Pregnancy Articles

Call On Your Crockpot for Comfort and Convenience

No-Fuss Meals that are Healthy & Nutritious

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It's been a long day, and you're walking in the door tired, frazzled, hungry. You don't feel up to cooking, and you find yourself tempted once again to make a fast-food run. Don't do it!

Instead consider the benefits of the venerable crockpot, which can, with a little planning and an adventurous spirit, yield no-fuss, home-cooked healthy meals, ready for you and baby when you walk in the door.

Cooking with a crockpot can be easy, fun, and healthy. This handy gadget allows you to prepare and cook food ahead of time without any attention. Instead of worrying all day about what to make for dinner, you'll have a hot meal ready when you get home. What's more, the crockpot is convenient for batch cooking healthy meals that can last 4-5 days.

A crockpot's also especially helpful for preparing wholesome, nutritious meals that are veggie-rich, packed with complex carbs, and low in fat and calories. Long cooking on low heat tenderizes meat, so it's an excellent way to cook those cuts of meat with less fat-- cuts that are less tender, but also healthier and less expensive. For quick and easy meals, follow these guidelines:

Adapting recipes
  • Always fill the crockpot at least half full.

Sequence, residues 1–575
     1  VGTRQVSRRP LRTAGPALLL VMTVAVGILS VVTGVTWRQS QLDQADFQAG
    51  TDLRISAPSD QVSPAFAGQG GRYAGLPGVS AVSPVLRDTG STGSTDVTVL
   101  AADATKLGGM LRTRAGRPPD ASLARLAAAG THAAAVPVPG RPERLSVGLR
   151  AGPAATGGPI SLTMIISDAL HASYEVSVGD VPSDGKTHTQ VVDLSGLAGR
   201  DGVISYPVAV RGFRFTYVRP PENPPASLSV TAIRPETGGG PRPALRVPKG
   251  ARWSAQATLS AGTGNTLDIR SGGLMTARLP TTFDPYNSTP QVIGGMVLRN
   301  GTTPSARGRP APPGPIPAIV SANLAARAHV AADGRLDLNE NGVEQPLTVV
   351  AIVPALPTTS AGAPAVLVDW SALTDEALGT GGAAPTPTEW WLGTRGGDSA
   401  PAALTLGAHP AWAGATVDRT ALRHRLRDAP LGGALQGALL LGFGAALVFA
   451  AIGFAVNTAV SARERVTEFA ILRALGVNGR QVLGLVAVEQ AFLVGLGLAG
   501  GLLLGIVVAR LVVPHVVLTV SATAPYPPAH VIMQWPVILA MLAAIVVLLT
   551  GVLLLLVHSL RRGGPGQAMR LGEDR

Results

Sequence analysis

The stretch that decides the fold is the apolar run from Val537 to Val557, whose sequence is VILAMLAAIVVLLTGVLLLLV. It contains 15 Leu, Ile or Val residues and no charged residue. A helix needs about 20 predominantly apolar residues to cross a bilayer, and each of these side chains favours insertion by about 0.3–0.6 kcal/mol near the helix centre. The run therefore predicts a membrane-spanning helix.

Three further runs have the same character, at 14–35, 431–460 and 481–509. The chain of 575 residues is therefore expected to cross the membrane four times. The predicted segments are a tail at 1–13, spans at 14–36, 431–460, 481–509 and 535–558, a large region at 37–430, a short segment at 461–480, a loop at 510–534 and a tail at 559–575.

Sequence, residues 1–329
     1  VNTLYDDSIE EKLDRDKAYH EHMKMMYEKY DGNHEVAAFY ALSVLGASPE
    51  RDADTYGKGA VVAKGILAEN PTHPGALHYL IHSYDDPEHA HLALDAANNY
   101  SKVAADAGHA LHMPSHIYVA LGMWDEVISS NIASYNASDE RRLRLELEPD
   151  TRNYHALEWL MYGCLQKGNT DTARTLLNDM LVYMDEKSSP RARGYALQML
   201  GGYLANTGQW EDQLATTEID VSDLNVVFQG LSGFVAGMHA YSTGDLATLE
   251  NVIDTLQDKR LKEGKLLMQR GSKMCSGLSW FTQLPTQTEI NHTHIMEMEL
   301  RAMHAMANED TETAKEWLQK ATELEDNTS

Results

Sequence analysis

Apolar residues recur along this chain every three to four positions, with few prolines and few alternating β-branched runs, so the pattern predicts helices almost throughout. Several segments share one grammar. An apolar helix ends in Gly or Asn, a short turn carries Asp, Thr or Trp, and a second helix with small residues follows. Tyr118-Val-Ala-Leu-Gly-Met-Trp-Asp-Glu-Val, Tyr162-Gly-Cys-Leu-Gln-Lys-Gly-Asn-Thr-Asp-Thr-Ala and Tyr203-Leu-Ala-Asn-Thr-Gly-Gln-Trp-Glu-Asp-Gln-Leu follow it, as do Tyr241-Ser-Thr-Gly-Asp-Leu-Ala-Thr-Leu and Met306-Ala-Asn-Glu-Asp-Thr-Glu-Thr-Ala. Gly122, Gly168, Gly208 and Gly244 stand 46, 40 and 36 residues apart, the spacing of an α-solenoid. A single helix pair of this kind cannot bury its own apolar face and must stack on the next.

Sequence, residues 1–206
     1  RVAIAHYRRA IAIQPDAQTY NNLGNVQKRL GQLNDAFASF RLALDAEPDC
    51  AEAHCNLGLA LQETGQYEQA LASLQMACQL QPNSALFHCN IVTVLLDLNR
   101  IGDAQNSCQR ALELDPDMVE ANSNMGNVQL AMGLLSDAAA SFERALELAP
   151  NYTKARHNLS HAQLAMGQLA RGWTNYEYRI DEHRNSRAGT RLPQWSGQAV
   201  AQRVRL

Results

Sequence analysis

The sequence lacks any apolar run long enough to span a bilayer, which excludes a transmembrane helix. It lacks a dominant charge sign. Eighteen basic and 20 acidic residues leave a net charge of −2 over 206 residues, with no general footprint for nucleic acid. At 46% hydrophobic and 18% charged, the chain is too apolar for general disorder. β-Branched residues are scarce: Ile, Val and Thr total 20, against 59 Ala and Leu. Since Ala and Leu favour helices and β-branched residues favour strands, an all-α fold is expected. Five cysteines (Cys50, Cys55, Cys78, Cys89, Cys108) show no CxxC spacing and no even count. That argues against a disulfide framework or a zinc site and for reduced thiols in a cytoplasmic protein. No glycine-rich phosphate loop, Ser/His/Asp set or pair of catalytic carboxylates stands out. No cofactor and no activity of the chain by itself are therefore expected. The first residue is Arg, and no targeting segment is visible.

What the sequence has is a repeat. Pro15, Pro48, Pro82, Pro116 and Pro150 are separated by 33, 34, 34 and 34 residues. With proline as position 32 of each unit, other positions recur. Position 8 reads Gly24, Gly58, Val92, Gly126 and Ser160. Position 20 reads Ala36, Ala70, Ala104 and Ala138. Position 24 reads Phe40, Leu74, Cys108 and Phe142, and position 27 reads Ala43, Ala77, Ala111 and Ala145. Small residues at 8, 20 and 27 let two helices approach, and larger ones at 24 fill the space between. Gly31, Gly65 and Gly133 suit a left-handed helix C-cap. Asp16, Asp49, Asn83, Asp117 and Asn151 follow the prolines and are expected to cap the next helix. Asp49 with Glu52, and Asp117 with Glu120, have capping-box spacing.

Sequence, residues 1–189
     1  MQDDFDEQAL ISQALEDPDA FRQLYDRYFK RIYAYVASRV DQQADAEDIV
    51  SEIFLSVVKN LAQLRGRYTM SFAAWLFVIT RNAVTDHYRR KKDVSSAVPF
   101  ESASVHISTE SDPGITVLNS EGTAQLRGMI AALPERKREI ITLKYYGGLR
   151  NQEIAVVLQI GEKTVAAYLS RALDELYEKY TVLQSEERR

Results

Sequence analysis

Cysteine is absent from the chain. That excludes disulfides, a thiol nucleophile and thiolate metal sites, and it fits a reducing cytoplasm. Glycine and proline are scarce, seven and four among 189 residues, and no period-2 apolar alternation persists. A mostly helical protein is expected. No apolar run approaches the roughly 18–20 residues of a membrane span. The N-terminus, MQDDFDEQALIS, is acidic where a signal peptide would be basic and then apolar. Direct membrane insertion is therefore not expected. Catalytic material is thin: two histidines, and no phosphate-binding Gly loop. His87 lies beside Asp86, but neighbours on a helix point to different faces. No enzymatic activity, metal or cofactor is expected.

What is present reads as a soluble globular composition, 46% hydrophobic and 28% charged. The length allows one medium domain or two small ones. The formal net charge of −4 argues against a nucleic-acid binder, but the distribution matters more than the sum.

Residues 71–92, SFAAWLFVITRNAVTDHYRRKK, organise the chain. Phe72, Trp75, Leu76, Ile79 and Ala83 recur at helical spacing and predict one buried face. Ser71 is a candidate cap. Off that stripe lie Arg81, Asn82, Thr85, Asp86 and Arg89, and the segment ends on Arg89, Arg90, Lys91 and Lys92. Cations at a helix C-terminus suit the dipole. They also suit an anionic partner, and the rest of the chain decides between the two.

• Brown and drain the fat from high-fat meats (such as ground beef), before adding them to the crockpot. (Leaner meats such as stew beef, poultry, or pork chops can be added uncooked.)
  • When possible, use whole herbs and spices, which work better than crushed. If you use crushed, add them near the end of your cooking time.
  • Use canned soups, broths, wine, vegetable juice, or water as the liquid in your crockpot.
  • Reduce the liquid in your recipe to about one cup or less, since slow cooking saves all the food's natural juices and the juices don't cook off.
  • Vegetables take longer to cook than most types of meat, so put them on the bottom of the crockpot.
  • Add dairy products only during the final 30 minutes of cooking.
Cooking Time
  • Dried beans should be cooked and softened before adding to the pot. Cover the beans with 3 times their volume of unsalted water and bring to a boil on the stovetop. Boil for 10 minutes, then reduce heat, cover, and allow to simmer 1 hours or until the beans are tender. (Discard the cooking water after boiling because it contains some indigestible sugars.) You can now add the beans to your crockpot recipe.
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About The Author

Becky Hand
Becky is a registered and licensed dietitian with almost 20 years of experience. She teaches prenatal classes and counsels individuals, helping women eat right and stay fit before, during and after their pregnancies.
Becky Hand

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